Employee Productivity Ensures Company Success
Employee productivity should and can be maintained and monitored. It is a management function directly tied into employee morale. Employees’ success depends on management support, which in turn yields expected progress, profit, and success.
Employees must be motivated to produce. Old school thinkers believe salary and promotional opportunities create motivation, while new thinking has led many managers to understand that other factors are more motivational in the workplace.
Employees feel good about themselves and their work when a task is completed. If it is completed properly, efficiently, effectively and timely, it is management’s responsibility to encourage the employee to continue on this path and not to veer from it. The power of praise should not be taken for granted.
A simple “great job” more often than not is enough to boost employee production. If results are less than par, a talk with the employee is in order, and hopefully this will resolve any issue.
The job description has the information. But it is up to the manager to explain the particular nuances of the job to the employee, upon hire, throughout the employment, and in particular when and if issues arise. When shadowing is beneficial, provide that opportunity. Training also does the trick.
Be sure to provide your employees with what they need to get the job done. Some obvious tools are a computer, phone, training, and supplies. But there might be things not readily recognized that are needed, such as re-training, or perhaps allowing fellow employees to mentor.
An open door policy is a good motivator and allows employees the freedom to remark about their jobs and enter information and input regarding the job as they see it. Valuable feedback can be gathered with such a policy, as well as through an employee survey.
Employees need to know their jobs. Yes, they read their job descriptions upon hire. They understand the “other projects as required” statement. But it is up to human resources and management to remind employees about the goals. The employee may understand his/her tasks and have the ability, experience and tools to perform them. But management must reiterate the ultimate goal for the completion of these tasks on a routine basis. Remind employees that their individual goals are tied directly into the business plan’s goals.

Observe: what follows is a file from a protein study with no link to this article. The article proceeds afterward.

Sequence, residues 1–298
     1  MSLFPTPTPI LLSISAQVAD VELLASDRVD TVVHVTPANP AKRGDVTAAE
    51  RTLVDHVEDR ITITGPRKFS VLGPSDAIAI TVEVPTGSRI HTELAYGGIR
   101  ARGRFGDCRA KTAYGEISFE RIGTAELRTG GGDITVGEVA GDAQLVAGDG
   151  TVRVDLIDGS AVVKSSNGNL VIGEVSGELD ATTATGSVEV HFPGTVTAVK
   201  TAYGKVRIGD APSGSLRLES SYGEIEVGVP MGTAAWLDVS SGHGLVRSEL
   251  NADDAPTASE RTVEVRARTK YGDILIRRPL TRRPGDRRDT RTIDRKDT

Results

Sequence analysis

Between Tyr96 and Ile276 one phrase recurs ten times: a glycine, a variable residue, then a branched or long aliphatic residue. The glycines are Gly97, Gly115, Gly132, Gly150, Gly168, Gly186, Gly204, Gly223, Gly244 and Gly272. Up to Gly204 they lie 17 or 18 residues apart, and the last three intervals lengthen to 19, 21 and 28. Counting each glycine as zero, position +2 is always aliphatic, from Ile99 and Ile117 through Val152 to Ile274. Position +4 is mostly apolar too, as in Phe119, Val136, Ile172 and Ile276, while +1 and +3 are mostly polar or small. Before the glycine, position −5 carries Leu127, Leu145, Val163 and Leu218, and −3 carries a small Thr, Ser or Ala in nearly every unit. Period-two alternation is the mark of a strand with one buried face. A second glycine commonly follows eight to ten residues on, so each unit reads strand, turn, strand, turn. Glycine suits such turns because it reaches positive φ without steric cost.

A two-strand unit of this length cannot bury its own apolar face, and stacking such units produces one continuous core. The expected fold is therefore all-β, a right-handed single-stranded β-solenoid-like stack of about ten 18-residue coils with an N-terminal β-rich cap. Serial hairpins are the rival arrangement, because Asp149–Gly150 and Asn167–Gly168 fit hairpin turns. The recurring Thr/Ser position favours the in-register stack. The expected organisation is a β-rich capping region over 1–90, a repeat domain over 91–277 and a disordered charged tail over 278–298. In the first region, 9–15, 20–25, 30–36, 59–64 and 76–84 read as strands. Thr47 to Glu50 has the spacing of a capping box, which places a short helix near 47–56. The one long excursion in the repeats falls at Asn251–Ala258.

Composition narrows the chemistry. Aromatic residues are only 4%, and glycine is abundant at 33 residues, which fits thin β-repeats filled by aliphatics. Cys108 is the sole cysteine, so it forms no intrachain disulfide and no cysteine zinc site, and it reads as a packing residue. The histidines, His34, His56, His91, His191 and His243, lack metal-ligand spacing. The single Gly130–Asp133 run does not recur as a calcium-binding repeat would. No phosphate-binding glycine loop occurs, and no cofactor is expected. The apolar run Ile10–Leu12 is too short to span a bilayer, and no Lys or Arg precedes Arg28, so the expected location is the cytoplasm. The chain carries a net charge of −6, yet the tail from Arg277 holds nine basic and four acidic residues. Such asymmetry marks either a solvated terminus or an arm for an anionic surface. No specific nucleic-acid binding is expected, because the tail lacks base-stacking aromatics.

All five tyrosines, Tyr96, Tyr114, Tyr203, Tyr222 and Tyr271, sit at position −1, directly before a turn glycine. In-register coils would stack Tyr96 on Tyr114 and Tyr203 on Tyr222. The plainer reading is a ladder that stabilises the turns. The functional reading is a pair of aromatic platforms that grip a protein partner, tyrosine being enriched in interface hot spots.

Providing the type of environment that encourages honesty, and an environment that makes employees feel welcome, safe and wanted, yields the highest performance results. This is key in human resources planning.
Studies have demonstrated that employees are more alive, awake and interested in their work when the environment is physically pleasant, and this may include furniture, lighting, but also trusted co-workers. Be especially aware of an environment, in which negativity has been introduced, typically in the form of a disgruntled employee who can create irreversible damage.
Including employees in providing input and ideas is an excellent motivator, even when all the ideas may not be feasible. Employees appreciate being asked about their experiences and are pleased about management feeling they have valuable skills. Solicit input where it makes sense. Typically an excellent forum is through a confidential survey, or by establishing an “idea box” where employees can place comments confidentially.
Good feedback also can be garnered via exit interviews, when outgoing employees are less afraid to speak up. Chances are the exiting employees are still in touch with some remaining employees, and they can pass the word that their ideas were solicited. And chances are too, that current employees share some of the ideas. Using the input where it is sensible is another motivator, and identifying the source of the idea as well.
In situations where an employee’s productivity is failing, management counseling is necessary. Offer your assistance. Ask what is going wrong and how it can be fixed.
Give the employee a chance to improve his/her performance. Allow for human resources involvement in situations that are beyond basic improvement. Be sure you have a fair, legal and procedural method of disseminating counseling and discipline, and that it is proven effective. Always be clear when discussing issues with employees. Refer to the issue and do not point fingers.